Concept of a Scout-Led Troop

The Boy Scouts of America program offers our young men and women the strongest program for developing core leadership values in our Nation. In our truly Scout Led Troop, our youth are provided a 6+ year program in hands on leadership, communications, ethical decision making and team work learning opportunity which is unmatched by any other youth program today.

This is a basic tenet of our troop philosophy. The Scouts run the troop. Under the direction of the Senior Patrol Leader (the highest scout-held position in the troop), the Scouts plan the year, they schedule activities, they run the meetings, they train the new scouts, they plan their own meals, and they cook their own food. Surely they will make mistakes, but will learn in the process leadership, communications, ethical decision making and team work skills. As adult leaders, we are here to serve our scouts and grow them into better leaders. The best way to do that is to allow them to try things out, experience success and failure and encourage them to constantly challenge themselves or try new approaches and techniques.

For obvious reasons, adult leaders are also there to drive, handle the money and record keeping, intervene for safety reasons, and fill other support and communication roles. But, if you ask an adult leader in our troop a question, chances are they will say, “Ask the Senior Patrol Leader.” For more information, read this excellent article on the topic.

Scout Positions, JLT, and the PLC

Scouts hold leadership positions during their Scouting career. With the exception of the Assistant Patrol Leader, a scouts serving in a Leadership Position fulfills some rank advancement leadership requirements. Elections for Troop 737 are held twice a year. The Senior Patrol Leader (SPL) is elected by the troop. He then appoints his Assistant SPLs and Senior Troop Guide for that term. Patrol Leaders and other troop positions are also either elected or appointed. Scouts volunteer for Den Chief positions, which are filled on an as needed basis.

All leaders are required to attend Junior Leadership Training (JLT). JLT is a half-day course following the election taught by the outgoing leadership for the incoming leadership. JLT provides each new leader with all the information he needs to be successful in his new position. Each scout is required to complete a Leadership Contract in which they commit to executing the position responsibilities and setting personal goals for that position. The contract and notes kept by the scout are reviewed during the Scoutmaster Conference for rank advancement and provide the basis for approving that requirement.

Nearly every month, the Patrol Leader's Council (PLC) holds a meeting, the PLC meeting. The PLC is comprised of the SPL, ASPLs, Senior Troop Guide, Troop Guides and all Patrol Leaders (or Assistant Patrol Leaders), Quartermaster, Historian, Scribe, and Webmaster. During the PLC meeting, details for upcoming meetings and activities are finalized, new activities are planned, issues with the troop are addressed, and information is passed to the Patrol Leaders for distribution.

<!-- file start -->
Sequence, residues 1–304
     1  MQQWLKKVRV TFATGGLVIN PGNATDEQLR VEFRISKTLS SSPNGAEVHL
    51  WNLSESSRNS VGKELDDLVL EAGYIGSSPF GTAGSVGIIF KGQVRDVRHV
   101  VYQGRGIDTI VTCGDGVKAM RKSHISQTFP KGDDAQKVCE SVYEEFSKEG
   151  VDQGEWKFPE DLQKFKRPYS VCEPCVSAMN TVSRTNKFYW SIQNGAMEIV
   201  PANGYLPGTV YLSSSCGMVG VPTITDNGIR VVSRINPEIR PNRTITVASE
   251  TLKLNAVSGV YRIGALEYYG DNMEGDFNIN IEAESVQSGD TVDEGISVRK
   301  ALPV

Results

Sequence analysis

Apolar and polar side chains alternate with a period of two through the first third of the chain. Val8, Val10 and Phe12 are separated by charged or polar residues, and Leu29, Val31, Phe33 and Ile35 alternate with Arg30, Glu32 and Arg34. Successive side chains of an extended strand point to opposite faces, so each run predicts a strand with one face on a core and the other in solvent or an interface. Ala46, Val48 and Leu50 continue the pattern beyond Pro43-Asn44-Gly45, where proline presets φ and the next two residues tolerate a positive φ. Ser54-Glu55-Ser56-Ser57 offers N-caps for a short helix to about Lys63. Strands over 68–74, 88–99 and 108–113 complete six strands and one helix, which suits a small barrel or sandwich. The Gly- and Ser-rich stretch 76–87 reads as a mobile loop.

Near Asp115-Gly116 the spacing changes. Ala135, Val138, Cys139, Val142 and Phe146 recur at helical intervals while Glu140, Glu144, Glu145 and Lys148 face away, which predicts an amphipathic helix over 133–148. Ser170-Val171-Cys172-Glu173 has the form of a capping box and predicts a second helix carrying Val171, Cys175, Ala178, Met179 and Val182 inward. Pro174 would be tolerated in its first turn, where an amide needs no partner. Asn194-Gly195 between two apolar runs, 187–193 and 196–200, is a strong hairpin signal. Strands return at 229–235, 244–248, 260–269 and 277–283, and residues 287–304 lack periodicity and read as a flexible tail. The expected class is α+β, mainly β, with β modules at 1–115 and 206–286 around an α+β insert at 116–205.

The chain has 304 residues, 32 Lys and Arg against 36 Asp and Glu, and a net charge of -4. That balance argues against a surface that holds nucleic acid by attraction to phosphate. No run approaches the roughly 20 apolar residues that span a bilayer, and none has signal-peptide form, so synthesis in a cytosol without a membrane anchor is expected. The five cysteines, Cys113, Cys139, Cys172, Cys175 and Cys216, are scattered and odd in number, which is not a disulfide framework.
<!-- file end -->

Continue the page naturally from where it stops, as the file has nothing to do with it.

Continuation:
Bighorn Youth Leadership Training

Big Horn National Youth Leadership Training (NYLT) Course is an intense week long youth oriented leadership training experience where highly qualified and extensively trained youth staff use the NYLT Course syllabus to instruct qualified participants. The course uses the patrol method and models a month in the life of a troop, three meetings (one each day for the first three days) leading to an outdoor experience (the overnight outpost camp). Watch a video.

Troop 737 requires all Senior Patrol Leader candidates to have completed this training. Most of the scouts who attend as a trainee like it so much, they return as a trainer.

Scoutmaster and Assistant Scoutmasters

The Scoutmaster and Assistant Scoutmasters are adult leaders responsible for the image and program of the troop. They work directly with the Scouts. The Scoutmaster reports to the Troop Committee. The importance of their jobs is reflected in the fact that the quality of guidance will affect every youth and adult involved in the troop. Duties include: ensure that all activities are conducted under qualified leadership, safe conditions, and policies of the chartered organization and the Boy Scouts of America.

Head Adult Leader Organizer

The "H.A.L.O." is a volunteer adult who champions an event or initiative for the troop. This good egg helps plan the event, coordinate, promote, and publicize. In short, they are responsible for making the event or initiative happen. The event might be a campout, a special troop meeting (e.g. elections), a day activity, even an adopt-a-troop program. These HALOs keep our troop active - we couldn't do what we do without them. We expect every parent to participate in some way, and this is a great way to help if you cannot commit to being an SM, ASM, or Committee Member.

To understand more about being a HALO for our troop, click here.

Merit Badge Counselor

Merit badge counselors are the key to success in the merit badge plan. They offer their time, experience, and knowledge to help guide Scouts in one or more of the merit badge subjects.

To understand more about being a Merit Badge Counselor for our troop, click here.

Troop Committee

The Boy Scout Troop Committee is responsible for conducting the business of the troop, setting policy, and helping the Scoutmaster and Scouts with the outdoor program and other planned activities. The committee also has the responsibility to provide adults for boards of review. This is an important responsibility and is one area were help is always needed and appreciated. The committee consists of parent volunteers who fulfill various roles on the committee.